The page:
Isakson Offers Alternative To ‘Kick The Can’ Budgeting

Today’s Courier Herald Column:

“Kick the can” is perhaps the most overused euphemism in Washington these days.  It seems at each point a critical deadline on a fiscal issue draws near, some sort of patchwork solution that merely extends the deadline is crafted.  We all then write stories about how Congress is just playing “kick the can.”

While we all generally know what that means, I doubt many of us know the rules of the game or more importantly how the game ends.  It seems as best I can recall the game ends when the participant gets tired of playing.

Georgia Senator Johnny Isakson is tired of playing. On Thursday he along with co-sponsor Jeanne Shaheen of New Hampshire introduced the Biennial Budgeting and Appropriations Act. The legislation is crafted as an amendment to the Continuing Resolution and will require the annual appropriations process to move to a two-year budget cycle.  Isakson says via press release that this “would force Congress to become better stewards of the taxpayers’ money by placing Congress on a two-year budget cycle with one year for appropriating federal dollars and the other year devoted to oversight of federal programs.”

The idea sounds simple, and is one that Isakson has backed before.  Yet there is growing frustration from all parts of Washington, and more importantly from the electorate, that Congress and the President no longer follow the budgetary process.  Instead, we move from short term patch to shorter term compromise.  Big picture solutions are lost to the prioritization of the extension of the status quo.  Each crisis begets another fight. Each one sacrificing time and energy for little more than the privilege of having the same battle again weeks or months later.

The annual budgetary process, required by law, is largely ignored.  While the House has been passing budgets, the Senate hasn’t passed one since the original iPad was released.  The President, required by law to submit a budget to Congress by February 4th, has yet to get around to it.  When pressed by Congressman Tom Price as to when Congress could expect it, the President told him “probably within a couple of week” as reported by Daniel Malloy of the Atlanta Journal-Constitution.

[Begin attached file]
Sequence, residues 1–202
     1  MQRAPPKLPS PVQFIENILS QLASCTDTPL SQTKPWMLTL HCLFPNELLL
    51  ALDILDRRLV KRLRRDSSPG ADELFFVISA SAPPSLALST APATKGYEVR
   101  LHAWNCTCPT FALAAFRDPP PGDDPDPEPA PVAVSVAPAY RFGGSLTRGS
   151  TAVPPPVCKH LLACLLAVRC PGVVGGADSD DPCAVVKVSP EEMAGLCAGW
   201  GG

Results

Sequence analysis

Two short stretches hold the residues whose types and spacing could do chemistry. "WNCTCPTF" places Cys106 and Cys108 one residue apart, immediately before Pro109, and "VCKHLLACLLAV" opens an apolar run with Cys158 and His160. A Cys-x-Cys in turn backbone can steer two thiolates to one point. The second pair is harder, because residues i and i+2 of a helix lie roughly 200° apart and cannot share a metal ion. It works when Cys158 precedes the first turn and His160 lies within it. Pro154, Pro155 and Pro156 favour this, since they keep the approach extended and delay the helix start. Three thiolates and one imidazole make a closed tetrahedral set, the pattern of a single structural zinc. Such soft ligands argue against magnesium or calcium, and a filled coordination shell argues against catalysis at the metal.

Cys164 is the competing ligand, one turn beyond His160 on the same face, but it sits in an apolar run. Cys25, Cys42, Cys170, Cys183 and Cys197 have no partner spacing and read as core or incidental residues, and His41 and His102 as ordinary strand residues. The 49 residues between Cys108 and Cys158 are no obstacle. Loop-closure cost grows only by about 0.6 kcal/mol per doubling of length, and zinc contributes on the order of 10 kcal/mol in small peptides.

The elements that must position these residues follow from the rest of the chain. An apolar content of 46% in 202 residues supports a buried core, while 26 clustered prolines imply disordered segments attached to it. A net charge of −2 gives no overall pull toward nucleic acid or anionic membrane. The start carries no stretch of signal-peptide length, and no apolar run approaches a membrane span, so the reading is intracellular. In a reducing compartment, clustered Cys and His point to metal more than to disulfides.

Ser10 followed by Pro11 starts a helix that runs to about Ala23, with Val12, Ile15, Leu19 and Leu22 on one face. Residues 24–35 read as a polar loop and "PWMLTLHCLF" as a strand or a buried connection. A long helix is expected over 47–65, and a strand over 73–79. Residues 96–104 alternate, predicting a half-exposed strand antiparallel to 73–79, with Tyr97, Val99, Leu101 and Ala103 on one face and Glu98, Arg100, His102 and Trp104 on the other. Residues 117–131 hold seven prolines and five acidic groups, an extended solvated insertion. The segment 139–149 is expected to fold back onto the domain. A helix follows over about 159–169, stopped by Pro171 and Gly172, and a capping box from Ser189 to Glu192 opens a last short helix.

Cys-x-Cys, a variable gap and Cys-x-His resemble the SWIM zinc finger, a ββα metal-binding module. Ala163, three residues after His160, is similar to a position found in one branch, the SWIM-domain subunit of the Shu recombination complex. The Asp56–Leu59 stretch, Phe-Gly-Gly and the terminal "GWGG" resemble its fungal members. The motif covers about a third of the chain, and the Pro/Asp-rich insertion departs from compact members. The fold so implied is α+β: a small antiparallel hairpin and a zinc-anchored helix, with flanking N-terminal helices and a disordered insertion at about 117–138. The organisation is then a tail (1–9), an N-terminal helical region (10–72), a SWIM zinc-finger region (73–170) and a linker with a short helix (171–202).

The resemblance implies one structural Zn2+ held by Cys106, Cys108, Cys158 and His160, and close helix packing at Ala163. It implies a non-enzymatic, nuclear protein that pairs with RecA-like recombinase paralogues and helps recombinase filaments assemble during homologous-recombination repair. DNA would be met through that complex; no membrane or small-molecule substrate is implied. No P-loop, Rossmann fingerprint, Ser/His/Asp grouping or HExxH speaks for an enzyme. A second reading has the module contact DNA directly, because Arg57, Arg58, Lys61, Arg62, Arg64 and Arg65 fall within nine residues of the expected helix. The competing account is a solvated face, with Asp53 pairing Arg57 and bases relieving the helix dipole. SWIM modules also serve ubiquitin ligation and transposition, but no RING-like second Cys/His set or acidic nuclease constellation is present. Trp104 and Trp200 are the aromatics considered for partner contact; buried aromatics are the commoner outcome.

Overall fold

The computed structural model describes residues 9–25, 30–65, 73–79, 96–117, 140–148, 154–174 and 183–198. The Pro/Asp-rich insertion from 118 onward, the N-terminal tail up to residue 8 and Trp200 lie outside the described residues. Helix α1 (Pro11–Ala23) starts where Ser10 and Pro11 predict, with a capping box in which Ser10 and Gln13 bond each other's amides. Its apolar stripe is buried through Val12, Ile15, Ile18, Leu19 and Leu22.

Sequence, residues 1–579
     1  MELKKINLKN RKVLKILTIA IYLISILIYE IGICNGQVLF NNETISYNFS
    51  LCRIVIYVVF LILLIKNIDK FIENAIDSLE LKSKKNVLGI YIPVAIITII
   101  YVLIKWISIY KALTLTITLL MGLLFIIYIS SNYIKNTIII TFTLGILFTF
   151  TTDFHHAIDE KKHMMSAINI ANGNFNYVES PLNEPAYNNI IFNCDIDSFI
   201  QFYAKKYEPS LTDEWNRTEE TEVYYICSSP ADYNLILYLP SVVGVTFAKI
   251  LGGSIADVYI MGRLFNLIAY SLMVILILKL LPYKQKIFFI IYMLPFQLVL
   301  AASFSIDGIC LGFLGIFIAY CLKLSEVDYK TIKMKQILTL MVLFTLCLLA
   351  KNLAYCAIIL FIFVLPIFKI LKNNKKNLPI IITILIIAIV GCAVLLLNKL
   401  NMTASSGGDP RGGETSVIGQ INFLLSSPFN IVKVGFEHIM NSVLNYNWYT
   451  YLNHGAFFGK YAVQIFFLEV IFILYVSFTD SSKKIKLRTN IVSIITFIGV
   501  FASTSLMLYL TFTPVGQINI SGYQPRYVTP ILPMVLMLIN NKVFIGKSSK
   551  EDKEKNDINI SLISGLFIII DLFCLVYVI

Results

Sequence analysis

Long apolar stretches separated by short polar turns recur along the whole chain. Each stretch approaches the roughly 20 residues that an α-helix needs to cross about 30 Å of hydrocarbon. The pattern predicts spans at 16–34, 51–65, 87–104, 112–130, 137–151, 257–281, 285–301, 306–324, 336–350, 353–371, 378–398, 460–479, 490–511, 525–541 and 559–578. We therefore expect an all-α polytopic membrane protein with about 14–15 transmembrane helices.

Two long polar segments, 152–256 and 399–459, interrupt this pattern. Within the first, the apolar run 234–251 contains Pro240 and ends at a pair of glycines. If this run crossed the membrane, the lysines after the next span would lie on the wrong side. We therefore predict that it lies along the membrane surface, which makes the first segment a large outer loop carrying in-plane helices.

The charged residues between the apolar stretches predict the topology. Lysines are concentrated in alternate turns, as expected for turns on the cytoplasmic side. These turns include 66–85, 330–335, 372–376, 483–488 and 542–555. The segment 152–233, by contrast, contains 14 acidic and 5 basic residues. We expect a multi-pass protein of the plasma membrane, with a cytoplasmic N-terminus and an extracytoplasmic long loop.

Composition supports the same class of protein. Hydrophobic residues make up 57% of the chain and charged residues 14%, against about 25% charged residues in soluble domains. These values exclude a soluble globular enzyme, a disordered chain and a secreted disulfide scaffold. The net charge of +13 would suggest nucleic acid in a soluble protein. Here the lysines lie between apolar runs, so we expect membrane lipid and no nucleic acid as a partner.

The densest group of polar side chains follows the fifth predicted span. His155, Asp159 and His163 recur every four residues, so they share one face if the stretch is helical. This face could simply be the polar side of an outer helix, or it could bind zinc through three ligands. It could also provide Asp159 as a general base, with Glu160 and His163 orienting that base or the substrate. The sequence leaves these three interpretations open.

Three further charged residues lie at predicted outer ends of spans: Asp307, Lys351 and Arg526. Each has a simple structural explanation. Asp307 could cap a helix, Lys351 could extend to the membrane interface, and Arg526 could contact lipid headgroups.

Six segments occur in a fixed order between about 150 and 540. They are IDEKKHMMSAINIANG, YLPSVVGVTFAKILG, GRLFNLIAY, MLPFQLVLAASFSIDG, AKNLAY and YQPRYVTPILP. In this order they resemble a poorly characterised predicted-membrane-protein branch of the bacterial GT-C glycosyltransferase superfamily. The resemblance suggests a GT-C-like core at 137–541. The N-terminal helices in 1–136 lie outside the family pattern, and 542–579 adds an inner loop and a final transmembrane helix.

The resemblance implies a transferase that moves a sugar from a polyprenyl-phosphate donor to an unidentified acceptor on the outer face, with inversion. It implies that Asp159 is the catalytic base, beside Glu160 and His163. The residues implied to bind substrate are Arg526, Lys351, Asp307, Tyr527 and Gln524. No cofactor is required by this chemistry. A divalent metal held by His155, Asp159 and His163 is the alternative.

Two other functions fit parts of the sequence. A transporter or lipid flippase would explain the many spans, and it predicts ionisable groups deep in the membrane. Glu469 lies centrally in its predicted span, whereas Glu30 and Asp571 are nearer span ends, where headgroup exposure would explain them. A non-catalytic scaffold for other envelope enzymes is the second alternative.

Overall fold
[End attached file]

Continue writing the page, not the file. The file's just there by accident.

Most in Washington have themselves grown weary of the never ending short term battles.  The House successfully pushed an attachment to the last increase in the debt ceiling which would withhold the pay of Congress should a budget not get passed within each chamber this year.  Isakson’s solution to make this a process one of two year cycles is a larger step towards focusing on longer term appropriations within a specified cycle and then allowing Congress to focus on other matters every other year.

Given that the Senate is the more difficult body to move any legislation through to passage, one wonders if this attachment would stand a chance.  The lead sponsors are bi-partisan, so that is a sign of hope.  A better sign came from a chance conversation with Senator Isakson himself as we waited to board a flight back home to Atlanta Thursday evening.

I mentioned that I had almost finished a column about this legislation, and offered that I hoped it might have a chance to pass so that the process could be reset into a more certain timeframe with a focus on big picture items.  He leaned in with a bit of a grin and asked “You know Harry Reid offered his support for it today, don’t you?”

Actually, I didn’t.   And that is significant, as Reid hasn’t seemed to make pushing a budget through the Senate a priority in the past.  With Reid first signing on to the House’s “no budget, no pay” provision, and now supporting two-year budget cycles, it is perhaps a sign that the era of never ending continuing resolutions may be coming to an end.

Perhaps, just perhaps, everyone is really tired of playing kick the can.  And as best I can tell, quitting that game is how you win it.  Hopefully Isakson has found the way to win here.


    • saltycracker says:

      BS – In the corporate world this is how a cowardly top management used to screw everyone equally. It encouraged those that started with an insane level of spending to have a significant advantage over the divisions that were already running an efficient business.

      New business ideas were not put into place, services were reduced to protect employee empires, bookkeeping games expanded, bad assets were not addressed……

      1. Limit spending to a percentage of GDP.
      2. Expect top managment/elected to wisely budget from that point.

      • John Konop says:


        The real problem falls into two areas entitlements and military. We have a huge veterans liability bill via the wars that has NOT been reserved for on top of entitlements…….the final blow is healthcare is rising faster than GDP. Unless we cut back on military, fix healthcare cost and stop being the policemen of the world, the math does not add up.

        • The Last Democrat in Georgia says:

          Mr. Konop…I agree, though it might not be wise to cut back too much on national defense with two terrorist regimes in Iran and a very-unstable and very-volatile North Korea playing deadly international games with nuclear weapons.